Experimenting in the same vein, they covered “Eleanor Rigby,” combining light arpeggios and Spanish guitar figures to re-imagine the refrain from the Beatles’ psychedelic classic. “The English are people of so few words,” Martin said as an introduction, explaining the major difference between “bollocks” (rubbish) and “amazingly bollocks” (the Beatles, in his opinion). It’s a distinction worth bearing in mind, to avoid winding up in a fistfight.

“I take out the bits of songs I don’t like and leave in the ones I do,” he said, revealing a keen sense of humor and setting the stage for what would be the climax of the show. What parts does he like? “Only the guitar solo.” With that, the band launched into a taut rendition of the “Poet and the Painter” section of “Thick as a Brick,” and smoothly transitioned to the “Childhood Heroes” passage.

“We’re just another cover band,” Martin said, introducing tunes by Warren Haynes and Porcupine Tree, before picking up his mandolin for an adaptation of Robert Johnson’s “Crossroads” that strangely recalled Songs from the Wood. In a black T-shirt and jeans, he looked so much younger and leaner than those very woolen country squires on the cover of Heavy Horses or Bursting Out.

The show concluded with tasty versions of old favorites such as “Teacher” and a bluesy version of “New Day Yesterday.” At the beginning of the show, Martin’s ax was polished so bright you could see your face in it, but rock ’n’ roll does involve sweat, and by the end, great big bullets were rolling off his forehead and onto the flaming maple top.

So, finally, all of us middle-aged teenagers stomped hard and cheered real loud. And guess what happened? He decided to come back out to do an encore, “Locomotive Breath,” with chukka-chukka so delicious it was worth the price of admission, and proving once and for all that flute solos are not necessary for honest rock ’n’ roll.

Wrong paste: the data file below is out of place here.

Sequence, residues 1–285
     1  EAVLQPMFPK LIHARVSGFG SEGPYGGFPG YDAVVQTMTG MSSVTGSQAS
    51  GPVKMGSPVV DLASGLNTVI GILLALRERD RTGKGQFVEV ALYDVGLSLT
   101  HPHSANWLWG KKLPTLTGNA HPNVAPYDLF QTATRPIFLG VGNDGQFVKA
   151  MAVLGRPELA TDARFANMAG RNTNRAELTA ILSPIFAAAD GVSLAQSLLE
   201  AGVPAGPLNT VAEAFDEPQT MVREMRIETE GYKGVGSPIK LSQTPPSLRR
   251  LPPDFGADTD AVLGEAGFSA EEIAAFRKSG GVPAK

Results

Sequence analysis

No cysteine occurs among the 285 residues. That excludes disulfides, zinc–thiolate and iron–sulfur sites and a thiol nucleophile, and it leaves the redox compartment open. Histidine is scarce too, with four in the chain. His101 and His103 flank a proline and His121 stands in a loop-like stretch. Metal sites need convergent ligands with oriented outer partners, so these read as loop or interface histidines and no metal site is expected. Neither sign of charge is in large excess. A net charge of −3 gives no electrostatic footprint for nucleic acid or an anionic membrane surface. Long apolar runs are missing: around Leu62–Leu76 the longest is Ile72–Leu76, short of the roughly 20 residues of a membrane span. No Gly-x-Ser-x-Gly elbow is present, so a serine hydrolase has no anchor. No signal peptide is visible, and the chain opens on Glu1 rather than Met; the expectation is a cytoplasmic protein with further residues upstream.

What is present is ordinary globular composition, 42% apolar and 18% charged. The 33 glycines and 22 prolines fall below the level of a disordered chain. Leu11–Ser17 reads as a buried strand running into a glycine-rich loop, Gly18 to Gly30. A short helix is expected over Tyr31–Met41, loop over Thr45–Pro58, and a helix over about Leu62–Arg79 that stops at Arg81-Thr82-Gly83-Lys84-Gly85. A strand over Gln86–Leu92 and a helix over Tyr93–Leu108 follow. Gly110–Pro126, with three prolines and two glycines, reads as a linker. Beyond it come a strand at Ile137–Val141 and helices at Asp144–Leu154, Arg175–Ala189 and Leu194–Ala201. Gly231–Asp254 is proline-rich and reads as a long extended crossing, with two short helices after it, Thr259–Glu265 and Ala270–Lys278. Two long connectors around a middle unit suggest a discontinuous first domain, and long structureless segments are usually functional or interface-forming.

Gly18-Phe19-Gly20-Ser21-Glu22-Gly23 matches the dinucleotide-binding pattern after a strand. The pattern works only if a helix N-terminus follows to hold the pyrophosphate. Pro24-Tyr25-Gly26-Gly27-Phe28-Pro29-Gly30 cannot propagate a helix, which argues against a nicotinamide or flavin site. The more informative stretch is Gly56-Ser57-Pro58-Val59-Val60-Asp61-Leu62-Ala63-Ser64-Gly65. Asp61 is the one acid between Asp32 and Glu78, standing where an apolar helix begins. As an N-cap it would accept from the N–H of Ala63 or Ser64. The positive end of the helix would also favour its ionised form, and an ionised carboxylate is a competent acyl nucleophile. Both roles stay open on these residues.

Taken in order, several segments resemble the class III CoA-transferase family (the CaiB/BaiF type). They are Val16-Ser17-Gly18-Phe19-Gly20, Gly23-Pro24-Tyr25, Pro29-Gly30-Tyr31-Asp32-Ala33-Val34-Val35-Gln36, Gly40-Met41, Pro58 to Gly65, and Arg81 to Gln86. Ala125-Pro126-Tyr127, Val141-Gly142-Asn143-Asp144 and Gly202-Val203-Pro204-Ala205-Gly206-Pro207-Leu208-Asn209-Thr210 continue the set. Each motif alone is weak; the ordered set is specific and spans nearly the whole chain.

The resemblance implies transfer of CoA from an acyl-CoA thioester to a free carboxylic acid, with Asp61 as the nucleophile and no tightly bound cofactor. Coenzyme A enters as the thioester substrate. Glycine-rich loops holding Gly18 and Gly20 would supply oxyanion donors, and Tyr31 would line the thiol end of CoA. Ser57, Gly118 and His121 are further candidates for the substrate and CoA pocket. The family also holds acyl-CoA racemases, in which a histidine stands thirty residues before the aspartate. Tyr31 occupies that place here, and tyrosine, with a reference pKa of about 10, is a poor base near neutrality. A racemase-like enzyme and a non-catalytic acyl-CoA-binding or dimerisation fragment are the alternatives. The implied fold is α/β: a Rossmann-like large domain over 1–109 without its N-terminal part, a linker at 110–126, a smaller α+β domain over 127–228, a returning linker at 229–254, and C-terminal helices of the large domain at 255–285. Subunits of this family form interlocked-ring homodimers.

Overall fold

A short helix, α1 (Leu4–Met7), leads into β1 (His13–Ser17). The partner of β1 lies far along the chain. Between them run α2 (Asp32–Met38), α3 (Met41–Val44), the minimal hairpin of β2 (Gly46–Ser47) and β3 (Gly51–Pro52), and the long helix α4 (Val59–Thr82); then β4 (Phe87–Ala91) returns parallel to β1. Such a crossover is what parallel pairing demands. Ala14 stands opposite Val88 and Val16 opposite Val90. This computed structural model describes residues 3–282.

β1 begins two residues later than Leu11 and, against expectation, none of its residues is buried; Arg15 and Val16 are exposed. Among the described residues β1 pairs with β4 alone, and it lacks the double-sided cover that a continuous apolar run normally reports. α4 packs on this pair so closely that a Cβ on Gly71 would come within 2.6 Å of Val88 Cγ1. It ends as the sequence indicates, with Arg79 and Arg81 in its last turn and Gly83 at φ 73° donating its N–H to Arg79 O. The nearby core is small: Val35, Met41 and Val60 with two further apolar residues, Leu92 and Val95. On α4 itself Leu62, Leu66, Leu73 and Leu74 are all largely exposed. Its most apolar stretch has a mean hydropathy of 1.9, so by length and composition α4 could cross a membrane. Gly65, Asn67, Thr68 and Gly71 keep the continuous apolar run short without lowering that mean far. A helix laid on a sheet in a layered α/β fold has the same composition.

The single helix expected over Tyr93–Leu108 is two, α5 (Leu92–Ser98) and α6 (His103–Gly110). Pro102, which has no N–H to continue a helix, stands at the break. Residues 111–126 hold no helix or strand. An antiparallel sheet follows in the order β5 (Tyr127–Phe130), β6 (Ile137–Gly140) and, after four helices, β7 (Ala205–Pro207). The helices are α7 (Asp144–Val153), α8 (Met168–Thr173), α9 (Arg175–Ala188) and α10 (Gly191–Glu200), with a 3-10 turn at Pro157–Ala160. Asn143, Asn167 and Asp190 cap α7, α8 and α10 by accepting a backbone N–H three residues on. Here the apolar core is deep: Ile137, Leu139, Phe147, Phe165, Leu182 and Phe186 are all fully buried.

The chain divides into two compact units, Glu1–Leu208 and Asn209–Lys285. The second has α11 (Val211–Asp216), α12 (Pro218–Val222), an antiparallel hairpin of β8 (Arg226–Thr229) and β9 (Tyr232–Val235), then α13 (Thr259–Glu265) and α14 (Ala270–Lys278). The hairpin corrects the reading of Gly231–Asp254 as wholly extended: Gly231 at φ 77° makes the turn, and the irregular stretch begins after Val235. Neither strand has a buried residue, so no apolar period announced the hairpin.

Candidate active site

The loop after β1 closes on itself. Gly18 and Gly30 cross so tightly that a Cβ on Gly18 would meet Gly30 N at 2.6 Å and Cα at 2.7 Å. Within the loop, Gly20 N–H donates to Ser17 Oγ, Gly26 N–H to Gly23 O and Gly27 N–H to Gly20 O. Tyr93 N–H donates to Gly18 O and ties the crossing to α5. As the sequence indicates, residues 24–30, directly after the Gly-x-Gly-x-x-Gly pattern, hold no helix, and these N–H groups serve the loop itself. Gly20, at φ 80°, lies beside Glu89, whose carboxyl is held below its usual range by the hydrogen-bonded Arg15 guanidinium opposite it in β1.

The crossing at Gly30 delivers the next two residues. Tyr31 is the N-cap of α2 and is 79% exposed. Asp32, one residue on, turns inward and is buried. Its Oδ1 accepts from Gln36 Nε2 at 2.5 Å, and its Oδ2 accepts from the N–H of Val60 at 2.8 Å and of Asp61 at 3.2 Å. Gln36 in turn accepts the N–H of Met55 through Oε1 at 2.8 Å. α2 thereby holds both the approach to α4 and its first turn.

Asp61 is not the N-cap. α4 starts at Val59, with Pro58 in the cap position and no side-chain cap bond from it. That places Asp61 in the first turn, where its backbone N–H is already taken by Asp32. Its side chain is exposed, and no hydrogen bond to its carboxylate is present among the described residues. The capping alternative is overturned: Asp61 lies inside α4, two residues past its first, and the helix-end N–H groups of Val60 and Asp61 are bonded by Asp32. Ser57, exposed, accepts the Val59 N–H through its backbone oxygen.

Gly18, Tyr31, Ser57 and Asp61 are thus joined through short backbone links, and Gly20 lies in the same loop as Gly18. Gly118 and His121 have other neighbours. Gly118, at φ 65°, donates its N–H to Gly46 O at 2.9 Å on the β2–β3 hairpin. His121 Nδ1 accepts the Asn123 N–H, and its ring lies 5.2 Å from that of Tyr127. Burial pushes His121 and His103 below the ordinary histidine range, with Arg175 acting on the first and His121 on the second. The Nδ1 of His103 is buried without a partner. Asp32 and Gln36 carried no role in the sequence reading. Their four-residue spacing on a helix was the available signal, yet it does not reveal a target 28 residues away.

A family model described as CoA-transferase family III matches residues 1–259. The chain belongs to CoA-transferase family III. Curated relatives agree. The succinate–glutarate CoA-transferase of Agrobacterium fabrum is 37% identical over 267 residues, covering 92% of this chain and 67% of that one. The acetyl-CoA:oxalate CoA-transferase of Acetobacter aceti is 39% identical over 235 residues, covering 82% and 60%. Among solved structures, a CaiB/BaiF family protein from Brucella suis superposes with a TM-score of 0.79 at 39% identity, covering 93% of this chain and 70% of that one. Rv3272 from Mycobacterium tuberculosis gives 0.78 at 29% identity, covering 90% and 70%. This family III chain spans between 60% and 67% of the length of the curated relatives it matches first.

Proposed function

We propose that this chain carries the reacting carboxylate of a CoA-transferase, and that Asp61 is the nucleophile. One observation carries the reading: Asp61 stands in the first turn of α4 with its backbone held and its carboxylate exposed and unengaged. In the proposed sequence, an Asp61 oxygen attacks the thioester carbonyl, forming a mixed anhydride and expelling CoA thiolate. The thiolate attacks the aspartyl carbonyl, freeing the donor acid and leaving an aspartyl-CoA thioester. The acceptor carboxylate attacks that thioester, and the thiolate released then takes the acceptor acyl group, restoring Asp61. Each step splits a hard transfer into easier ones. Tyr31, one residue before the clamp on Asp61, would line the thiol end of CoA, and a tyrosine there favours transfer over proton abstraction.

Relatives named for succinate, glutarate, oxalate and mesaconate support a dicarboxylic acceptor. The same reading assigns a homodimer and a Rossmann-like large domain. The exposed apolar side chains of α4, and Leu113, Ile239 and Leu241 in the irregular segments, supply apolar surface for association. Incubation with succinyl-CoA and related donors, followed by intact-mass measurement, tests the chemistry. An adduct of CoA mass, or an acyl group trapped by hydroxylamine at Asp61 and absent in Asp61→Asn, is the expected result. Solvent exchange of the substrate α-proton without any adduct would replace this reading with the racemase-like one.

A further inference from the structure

Cult Favorite Italian Art-Rock Band Rises From the Grave

Today’s Halloween album is the video game kind. The original Goblin, one of Italy’s best-known art-rock bands from the 70s, are best remembered for their horror film soundtracks, most notably Dawn of the Dead. Goblin Rebirth pick up where that band left off, with a new album streaming at Bandcamp.

After a brief early-zeros reunion by the original band (whose lineup was always in a state of flux, more or less) Goblin Rebirth got their start playing rarer archival repertoire, and soon found themselves writing new material. Stormy clouds of synth! Soaring, snapping, trebly bass! Big, dramatic drums! Heavy, lingering, one-foot-up-on-the-monitor guitar chords! If anything, the new songs – all of them instrumentals, essentialy – are even more epic and propulsive then the group’s famous 70s and 80s output, maybe since the lone original members are bassist Fabio Pignatelli and drummer Agostino Marangolo. The new group also includes dual keyboardists Aidan Zammit and Danilo Cherni along with guitarist Giacomo Anselmi, who also plays bouzouki. If you like your soundtracks packed with nonstop action, put in your earbuds and crank this puppy up: it’s the audio equivalent of a double espresso.

The opening track is Requiem For X – it doesn’t take long before its wistful whistling gives way to a couple of King Kong drumbeats, Dracula’s castle piano rivulets, a a churchbell or two and then Pignatelli enters with his treble turned up, the guitars ringing and rising overhead as the track reaches escape velocity. With its loopy, trebly synth lines and echoey guitars, Back in 74 brings to mind Kraftwerk with a real rhythm section: again, Pignatelli’s incisive lines put him front and center in the role of terse second lead guitarist.

Book of Skulls is slower and closer to something you might hear in a classic game like Castlevania – tongue-in-cheek oscillations and swirls abound, then make way for Anselmi’s ornate David Gilmourisms. Creepy/twinkly electric piano, droll portamento flourishes, choral samples and more of that achingly climbing lead guitar rise over the pounding sway of the rhythm section throughout the somewhat less-than-mysterious Mysterium. Evil in the Machine, unlike what its title might imply, is the least techy, most straight-ahead stadium rock-style track here – and also one of the most genuinely menacing, as it builds to a tense peak before taking an unexpected turn toward funk.